Calculating Coupling and Decoupling Capacitors

Look at the schematic. The opamps have 100% negative feedback (for a voltage gain of 1) since the output is connected directly to the - input.
Now look at the feedback from the 33k resistor and from the 68nF capacitor. It is positive feedback to boost the response a little at the cutoff frequency to make a sharp Butterworth corner.

The datasheet for most opamps shows that the input impedance is Megohms or higher that have no effect on the 43k resistor.
A 52 years old 741 opamp has the lowest input impedance that I have ever seen. Its datasheet says "2M typical".
The input impedance of an OPA134 or TL071 audio opamp is 10 trillion Ohms.

The input of your circuit is a series 150nF capacitor that feeds the 100k bias resistor that has its AC grounded by the 22uF capacitor. It is calculated to have a highpass -3dB cutoff frequency of 10.7Hz so that it does not cut the 30Hz much from the Sallen-Key Butterworth highpass active filter.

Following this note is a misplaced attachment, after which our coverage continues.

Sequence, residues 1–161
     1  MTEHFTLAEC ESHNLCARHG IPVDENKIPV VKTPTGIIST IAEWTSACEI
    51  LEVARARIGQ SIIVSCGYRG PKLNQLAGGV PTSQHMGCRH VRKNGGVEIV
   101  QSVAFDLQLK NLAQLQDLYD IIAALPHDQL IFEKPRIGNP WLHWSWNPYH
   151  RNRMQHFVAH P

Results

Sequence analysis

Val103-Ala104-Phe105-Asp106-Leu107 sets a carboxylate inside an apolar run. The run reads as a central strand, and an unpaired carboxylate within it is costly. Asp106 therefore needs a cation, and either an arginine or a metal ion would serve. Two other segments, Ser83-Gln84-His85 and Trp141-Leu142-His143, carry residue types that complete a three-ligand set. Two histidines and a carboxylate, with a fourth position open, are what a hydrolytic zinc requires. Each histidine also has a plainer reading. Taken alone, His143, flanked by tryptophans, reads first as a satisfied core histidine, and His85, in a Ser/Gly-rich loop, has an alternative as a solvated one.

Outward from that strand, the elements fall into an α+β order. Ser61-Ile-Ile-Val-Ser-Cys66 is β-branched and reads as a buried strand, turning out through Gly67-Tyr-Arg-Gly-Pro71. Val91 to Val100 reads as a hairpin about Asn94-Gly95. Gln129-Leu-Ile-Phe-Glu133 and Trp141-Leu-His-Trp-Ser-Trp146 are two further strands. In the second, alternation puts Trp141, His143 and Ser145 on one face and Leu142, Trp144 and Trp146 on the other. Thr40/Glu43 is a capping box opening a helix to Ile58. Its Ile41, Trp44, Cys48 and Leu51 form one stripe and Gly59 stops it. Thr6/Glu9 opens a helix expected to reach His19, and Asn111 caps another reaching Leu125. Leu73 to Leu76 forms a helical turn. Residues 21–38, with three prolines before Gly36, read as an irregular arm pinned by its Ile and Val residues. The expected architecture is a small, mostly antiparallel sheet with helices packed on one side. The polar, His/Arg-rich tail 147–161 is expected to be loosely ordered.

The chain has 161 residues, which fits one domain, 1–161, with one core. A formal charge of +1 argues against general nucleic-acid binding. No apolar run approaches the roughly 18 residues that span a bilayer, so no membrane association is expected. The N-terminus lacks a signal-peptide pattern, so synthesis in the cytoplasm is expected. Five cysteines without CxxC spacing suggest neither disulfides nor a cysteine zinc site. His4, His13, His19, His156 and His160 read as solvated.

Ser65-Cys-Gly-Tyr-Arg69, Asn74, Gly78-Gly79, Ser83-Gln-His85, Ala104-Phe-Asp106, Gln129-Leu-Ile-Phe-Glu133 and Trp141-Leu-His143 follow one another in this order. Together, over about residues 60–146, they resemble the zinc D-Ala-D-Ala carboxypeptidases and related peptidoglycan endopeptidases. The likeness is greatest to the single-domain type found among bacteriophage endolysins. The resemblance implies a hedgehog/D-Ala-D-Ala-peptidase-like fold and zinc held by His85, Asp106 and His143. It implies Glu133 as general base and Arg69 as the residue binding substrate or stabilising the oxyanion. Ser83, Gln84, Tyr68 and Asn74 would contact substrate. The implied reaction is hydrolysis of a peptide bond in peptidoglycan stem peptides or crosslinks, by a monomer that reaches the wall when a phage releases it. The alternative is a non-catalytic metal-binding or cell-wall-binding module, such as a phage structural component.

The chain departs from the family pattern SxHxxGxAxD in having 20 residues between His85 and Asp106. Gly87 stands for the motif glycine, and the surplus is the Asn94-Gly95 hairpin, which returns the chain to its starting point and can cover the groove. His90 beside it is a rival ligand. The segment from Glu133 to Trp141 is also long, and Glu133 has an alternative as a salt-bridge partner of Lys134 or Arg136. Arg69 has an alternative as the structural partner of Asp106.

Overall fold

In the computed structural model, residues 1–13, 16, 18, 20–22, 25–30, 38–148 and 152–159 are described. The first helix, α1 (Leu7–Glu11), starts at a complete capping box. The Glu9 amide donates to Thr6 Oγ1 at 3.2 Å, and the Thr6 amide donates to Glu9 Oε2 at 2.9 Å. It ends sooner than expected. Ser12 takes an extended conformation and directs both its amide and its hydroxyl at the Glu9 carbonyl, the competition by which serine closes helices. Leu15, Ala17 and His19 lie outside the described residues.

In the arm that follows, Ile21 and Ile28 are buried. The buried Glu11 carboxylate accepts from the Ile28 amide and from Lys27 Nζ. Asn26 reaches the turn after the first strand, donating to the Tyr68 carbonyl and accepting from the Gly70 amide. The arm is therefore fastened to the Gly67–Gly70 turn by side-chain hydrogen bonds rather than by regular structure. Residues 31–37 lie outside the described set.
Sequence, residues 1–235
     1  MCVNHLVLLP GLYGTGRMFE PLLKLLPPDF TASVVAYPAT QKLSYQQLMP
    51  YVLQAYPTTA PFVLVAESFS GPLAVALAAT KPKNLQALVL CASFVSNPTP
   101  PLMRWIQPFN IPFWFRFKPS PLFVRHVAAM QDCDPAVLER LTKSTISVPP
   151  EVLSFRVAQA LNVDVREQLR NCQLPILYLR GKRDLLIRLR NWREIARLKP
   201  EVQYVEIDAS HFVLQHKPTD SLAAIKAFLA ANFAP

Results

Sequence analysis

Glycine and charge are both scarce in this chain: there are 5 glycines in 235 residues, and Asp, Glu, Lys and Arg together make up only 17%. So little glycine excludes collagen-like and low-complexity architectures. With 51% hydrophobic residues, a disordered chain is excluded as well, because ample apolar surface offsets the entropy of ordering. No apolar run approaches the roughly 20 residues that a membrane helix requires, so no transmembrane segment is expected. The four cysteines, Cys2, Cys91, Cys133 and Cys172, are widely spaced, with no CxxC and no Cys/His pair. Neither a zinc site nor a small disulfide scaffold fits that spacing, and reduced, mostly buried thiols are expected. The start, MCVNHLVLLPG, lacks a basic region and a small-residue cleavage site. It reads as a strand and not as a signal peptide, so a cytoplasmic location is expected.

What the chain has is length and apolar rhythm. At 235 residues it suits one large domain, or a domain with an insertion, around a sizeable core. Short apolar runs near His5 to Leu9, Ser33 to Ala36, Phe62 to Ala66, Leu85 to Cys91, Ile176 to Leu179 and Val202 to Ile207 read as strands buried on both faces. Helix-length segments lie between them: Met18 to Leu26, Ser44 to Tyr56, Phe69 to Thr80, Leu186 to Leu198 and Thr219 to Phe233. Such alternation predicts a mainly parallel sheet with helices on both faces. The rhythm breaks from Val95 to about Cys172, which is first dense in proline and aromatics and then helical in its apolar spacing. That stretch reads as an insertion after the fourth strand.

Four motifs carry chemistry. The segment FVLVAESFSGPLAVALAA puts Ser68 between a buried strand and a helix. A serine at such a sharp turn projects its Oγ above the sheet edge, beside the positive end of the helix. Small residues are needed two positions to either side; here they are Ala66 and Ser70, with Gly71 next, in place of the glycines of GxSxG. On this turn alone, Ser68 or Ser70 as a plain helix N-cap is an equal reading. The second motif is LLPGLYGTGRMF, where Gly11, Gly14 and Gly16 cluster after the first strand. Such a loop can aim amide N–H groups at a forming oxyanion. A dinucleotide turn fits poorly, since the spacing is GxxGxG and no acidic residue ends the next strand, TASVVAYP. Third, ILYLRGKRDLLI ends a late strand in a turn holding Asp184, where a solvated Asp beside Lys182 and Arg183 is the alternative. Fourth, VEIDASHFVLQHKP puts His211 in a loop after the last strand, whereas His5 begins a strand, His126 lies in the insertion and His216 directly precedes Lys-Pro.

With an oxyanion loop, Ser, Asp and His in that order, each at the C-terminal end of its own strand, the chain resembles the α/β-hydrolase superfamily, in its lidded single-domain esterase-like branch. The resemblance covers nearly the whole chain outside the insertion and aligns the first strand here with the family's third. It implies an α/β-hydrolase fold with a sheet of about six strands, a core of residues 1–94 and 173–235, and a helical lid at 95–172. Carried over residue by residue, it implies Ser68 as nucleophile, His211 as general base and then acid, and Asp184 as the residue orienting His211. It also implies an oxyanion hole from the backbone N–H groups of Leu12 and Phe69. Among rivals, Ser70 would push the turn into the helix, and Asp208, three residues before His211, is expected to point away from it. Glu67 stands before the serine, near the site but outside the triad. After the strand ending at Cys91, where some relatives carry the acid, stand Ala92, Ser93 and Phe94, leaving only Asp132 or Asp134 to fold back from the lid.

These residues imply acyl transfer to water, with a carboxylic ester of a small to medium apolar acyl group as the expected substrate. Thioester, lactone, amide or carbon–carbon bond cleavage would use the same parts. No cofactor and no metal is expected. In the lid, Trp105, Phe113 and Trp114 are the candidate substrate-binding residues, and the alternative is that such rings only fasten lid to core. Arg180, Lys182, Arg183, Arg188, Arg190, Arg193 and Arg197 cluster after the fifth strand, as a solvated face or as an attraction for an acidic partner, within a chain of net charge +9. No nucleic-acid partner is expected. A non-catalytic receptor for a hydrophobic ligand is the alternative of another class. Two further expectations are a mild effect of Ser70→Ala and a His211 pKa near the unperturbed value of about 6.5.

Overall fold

Thread Starter


Joined Nov 12, 2019
Okay thank you. I have measured an input impedance of 30kOhms at the Actual amplifier board. If i now use a 10uF coupling capacitor at the output of my schematic, Fc is 0,6Hz.
The higher the capacitor value is, the lower the cutoff is, since this is a high pass Filter, i can just use a 100uF capacitor and i should be completely fine? Or am i not able to do this because u always said something like:
"The input capacitor has to match the output capacitor otherwise you will hear a big POP sound"

What did you mean with that?
Please explain it, so i can finally order my parts :_D

Thank you in advance
if you use a 100uF output capacitor then it will take 6 seconds to partially charge or discharge and you will hear bad distortion during this time. 10uF takes only 0.6 of a second which sounds better.

Looking at your active highpass filter that feeds the amplifier input then its opamp +12V bias voltage rises slowly so there will be no POP sound.


The fairly old NE5532 audio opamp was used as an audio preamp for low impedance dynamic microphones so it did not need a high input resistance. I have never seen an NE5532 opamp.